Westboro and Phelps teach that death is judgment and evidence that God does not want us in heaven.  There is a huge problem with this.  Jesus offered His life freely and willingly.  Observe Luke the physician’s words:  “And Jesus, crying out with a loud voice, said, ‘Father, into Thy Hands I commit My Spirit.'”  (Luke 23:46).

Westboro teaches that the Jews killed Jesus.  It was actually the Romans who killed Jesus.  The Jews had no authority to take life during their domination by the Romans.  But there is a greater point to be made.  If Jesus was killed by the Jews, as Westboro teaches, then He was subject to the Father’s judgment as a penalty for His own sins, rather than as the substitute for our punishment, as the Bible teaches.  Their hyper-hate-Calvinism blinds them from the plain meaning of the biblical text.  Instead, they allow Phelps to dispense the perverted “truth.”

In terms of Jesus’s death, the event would have been “split hell wide open,” as Phelps like to state.  Jesus would be there today.  he would have to be, if Phelps’s theology is correct.  Certainly, if death is God’s judgment for personal sin, then Westboro must admit Jesus was in hell, having committed personal sin, and now paying the price for it.

  • But what about Jesus’s resurrection from the dead? (Luke 24; John 20)
  • What about the Bible’s claim and theological teaching for 2000 years than Jesus remained sinless?

“He made Him who knew no sin to be sin on our behalf, that we might become the righteousness of God in Him.”  (2 Corinthians 5:21)

Jesus Christ is the same, yesterday, and today, yes, and forever.”  (Hebrews 13:8)

“For we do not have a high priest who cannot sympathize with our weaknesses, but one has has been tempted in all things as are we, and yet without sin.”  (Hebrews 4:15)

So, let us assume for a second that Jesus gets a pass from Westboro.  [Westboro does picket Jewish businesses and synagogues, if they feel they are tolerant of gays, and are quick to label them killers of Jesus] What do they do with the death of the adjacent thief on the cross?  Notice the words of Jesus to the thief?

And one of the criminals who was hanged there was hurling insults at Him, saying, ‘Are You not the Christ?  Save Yourself and us.’  But the other answered, and rebuking him said, ‘Do you not even fear God, since you and I are under the same sentence of condemnation?  And we indeed justly, for we are receiving what we deserve for our deeds; but this man has done nothing wrong.’  And he was saying, ‘Jesus, remember me when You come into Your kingdom!’  And He said to him, Truly, I say to you, today you shall be with me in Paradise.’  (Luke 23:39-43)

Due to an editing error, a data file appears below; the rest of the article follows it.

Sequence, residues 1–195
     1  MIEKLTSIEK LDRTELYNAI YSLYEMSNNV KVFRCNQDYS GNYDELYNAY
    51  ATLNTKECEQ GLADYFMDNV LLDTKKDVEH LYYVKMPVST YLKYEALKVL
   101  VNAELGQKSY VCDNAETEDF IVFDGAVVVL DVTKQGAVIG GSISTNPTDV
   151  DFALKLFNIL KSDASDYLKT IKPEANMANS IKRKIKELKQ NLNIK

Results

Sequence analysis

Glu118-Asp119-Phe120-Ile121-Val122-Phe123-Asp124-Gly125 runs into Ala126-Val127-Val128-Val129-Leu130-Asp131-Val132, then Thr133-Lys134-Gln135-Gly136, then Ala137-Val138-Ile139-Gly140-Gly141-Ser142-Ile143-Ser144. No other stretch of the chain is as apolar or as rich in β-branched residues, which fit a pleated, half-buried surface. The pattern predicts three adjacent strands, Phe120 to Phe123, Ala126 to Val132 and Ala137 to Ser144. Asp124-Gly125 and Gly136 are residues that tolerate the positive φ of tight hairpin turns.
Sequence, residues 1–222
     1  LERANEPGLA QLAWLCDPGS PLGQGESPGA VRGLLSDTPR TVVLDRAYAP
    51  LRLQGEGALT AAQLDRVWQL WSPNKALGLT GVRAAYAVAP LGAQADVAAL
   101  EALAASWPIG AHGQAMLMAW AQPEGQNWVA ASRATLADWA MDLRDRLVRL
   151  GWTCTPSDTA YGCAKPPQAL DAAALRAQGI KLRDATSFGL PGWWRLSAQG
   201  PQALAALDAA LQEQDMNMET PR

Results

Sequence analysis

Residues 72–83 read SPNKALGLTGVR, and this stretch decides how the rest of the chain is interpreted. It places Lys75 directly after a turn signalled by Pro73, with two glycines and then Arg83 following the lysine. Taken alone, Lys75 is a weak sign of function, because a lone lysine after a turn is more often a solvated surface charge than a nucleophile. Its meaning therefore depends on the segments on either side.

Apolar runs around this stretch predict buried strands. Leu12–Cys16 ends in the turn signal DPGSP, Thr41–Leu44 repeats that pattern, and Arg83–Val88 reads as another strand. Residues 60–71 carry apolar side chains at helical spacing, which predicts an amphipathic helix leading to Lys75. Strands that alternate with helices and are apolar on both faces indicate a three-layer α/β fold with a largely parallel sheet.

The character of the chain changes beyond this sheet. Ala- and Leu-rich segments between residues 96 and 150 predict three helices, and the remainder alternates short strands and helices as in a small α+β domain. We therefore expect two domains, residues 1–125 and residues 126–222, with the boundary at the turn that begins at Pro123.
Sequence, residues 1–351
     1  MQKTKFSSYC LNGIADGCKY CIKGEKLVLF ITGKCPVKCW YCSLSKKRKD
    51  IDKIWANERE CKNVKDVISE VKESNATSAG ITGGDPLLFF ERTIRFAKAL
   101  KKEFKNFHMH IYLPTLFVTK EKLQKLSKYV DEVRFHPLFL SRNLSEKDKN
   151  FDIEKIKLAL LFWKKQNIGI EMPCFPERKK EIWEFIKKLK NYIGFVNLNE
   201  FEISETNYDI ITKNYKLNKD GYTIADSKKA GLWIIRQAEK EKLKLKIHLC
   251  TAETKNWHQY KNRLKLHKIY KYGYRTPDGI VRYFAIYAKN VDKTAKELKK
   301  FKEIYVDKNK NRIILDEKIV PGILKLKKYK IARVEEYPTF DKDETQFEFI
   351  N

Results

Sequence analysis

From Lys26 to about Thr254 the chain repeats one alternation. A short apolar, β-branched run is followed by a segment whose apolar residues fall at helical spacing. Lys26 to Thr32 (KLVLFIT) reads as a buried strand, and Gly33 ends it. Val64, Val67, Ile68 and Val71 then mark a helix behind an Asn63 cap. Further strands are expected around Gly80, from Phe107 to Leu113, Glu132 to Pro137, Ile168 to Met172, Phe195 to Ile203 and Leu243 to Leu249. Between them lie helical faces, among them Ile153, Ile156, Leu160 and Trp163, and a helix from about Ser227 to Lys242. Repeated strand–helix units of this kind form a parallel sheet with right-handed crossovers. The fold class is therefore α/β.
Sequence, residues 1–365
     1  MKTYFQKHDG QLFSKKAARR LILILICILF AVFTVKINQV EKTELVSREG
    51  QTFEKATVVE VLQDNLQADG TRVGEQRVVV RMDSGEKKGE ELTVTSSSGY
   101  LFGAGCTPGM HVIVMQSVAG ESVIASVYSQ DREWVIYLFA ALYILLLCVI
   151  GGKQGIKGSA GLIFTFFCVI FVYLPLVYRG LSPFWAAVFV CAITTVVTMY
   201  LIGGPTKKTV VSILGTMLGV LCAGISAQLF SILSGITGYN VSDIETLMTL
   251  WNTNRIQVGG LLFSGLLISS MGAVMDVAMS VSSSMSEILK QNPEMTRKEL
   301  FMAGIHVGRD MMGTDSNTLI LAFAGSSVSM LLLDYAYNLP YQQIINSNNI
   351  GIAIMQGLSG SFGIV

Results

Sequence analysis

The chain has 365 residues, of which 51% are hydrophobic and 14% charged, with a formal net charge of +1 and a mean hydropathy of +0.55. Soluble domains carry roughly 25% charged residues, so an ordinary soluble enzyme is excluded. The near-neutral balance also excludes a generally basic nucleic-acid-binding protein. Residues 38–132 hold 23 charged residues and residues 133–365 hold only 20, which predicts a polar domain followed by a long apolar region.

Now, according to Westboro, being persecuted for serving God is to celebrated.  In Jesus, we have His being persecuted for doing nothing wrong and the fact that He eventually died for it.  His death, according to Westboro, would have to be His personal judgment.  I imagine they would be holding signs that read, “Thank God that the Fag-Loving Jesus is Dead!”

How can Jesus be both blessed with doing God’s work and being punished and be judged at the same time?  Furthermore, the thief on the cross next to Jesus was promised Paradise.  Apparently, his death was not throwing him in hell.  No, not at all.  Belief in Jesus while alive meant that he too was being judged for sin, yet came to know the One who enabled his escape from eternal torment.  His death was the punishment for a crime, yet he was rewarded with life in Paradise.

Verses like these are avoided at all cost by the Westboro group.  They would rather use the Old Testament, pick and choose to justify their hatred, and move on.  At the end of the day, using death to prove a person is going to hell does nothing to the reality that God saves whomever He wishes according to His plan.

The Hypocrisy and Double-Standard

What does the Bible say is God’s perspective on those folks?  We already know what Westboro would say.  What will happen if Phelps was to have an accident and die?  I would expect the group to celebrate and post signs saying “God hates the Faggot-Hater,” and “God killed Phelps and He is in Hell.”  What is it about religious cults that allows the leaders to escape the perdition they proclaim for everyone else?  Belief is not enough to avoid death.  What’s universal affects us all.

My gut feeling on all of this?

A person who spends his waking moments in hatred of a practice, is himself struggling with the very same issue.  Sex seems to bother the people of Westboro.  They are so afraid of fornication, fearful their young women might have a thought to marry, or be tempted, that they control the environment in which they live.  But Shirley Phelps Roper (in photo below), however, did not seem a problem in generating a group of worshipers.  I guess she took after her dad, who had 13 kids.  Think about how many people take public stands against sex, only to have the very thing come back against them sometime later in life.  The list is long.

Religious cults have leaders and they also have religious texts.

Along with their twisted and hateful rhetoric, the group uses the Bible to justify its teachings and practices.  Thee is nothing new here.  McCoy writes:

The Bible should be considered as a potential source for religious literature and dogma.  Since most . . . members will know little about the Bible, yet respect it, they will tend to accept leadership without opposition.  The scriptures can be milked like fat cattle for quotations and interpretations that provide unique twists tailored to appeal to the organization members and its purposes. (p. 44)

In closing, Colossians 2:8 warns the believer:  “See to it that no one takes you captive through philosophy and empty deception, according to the tradition of men, according to the elementary principles of the world, rather than according to Christ.”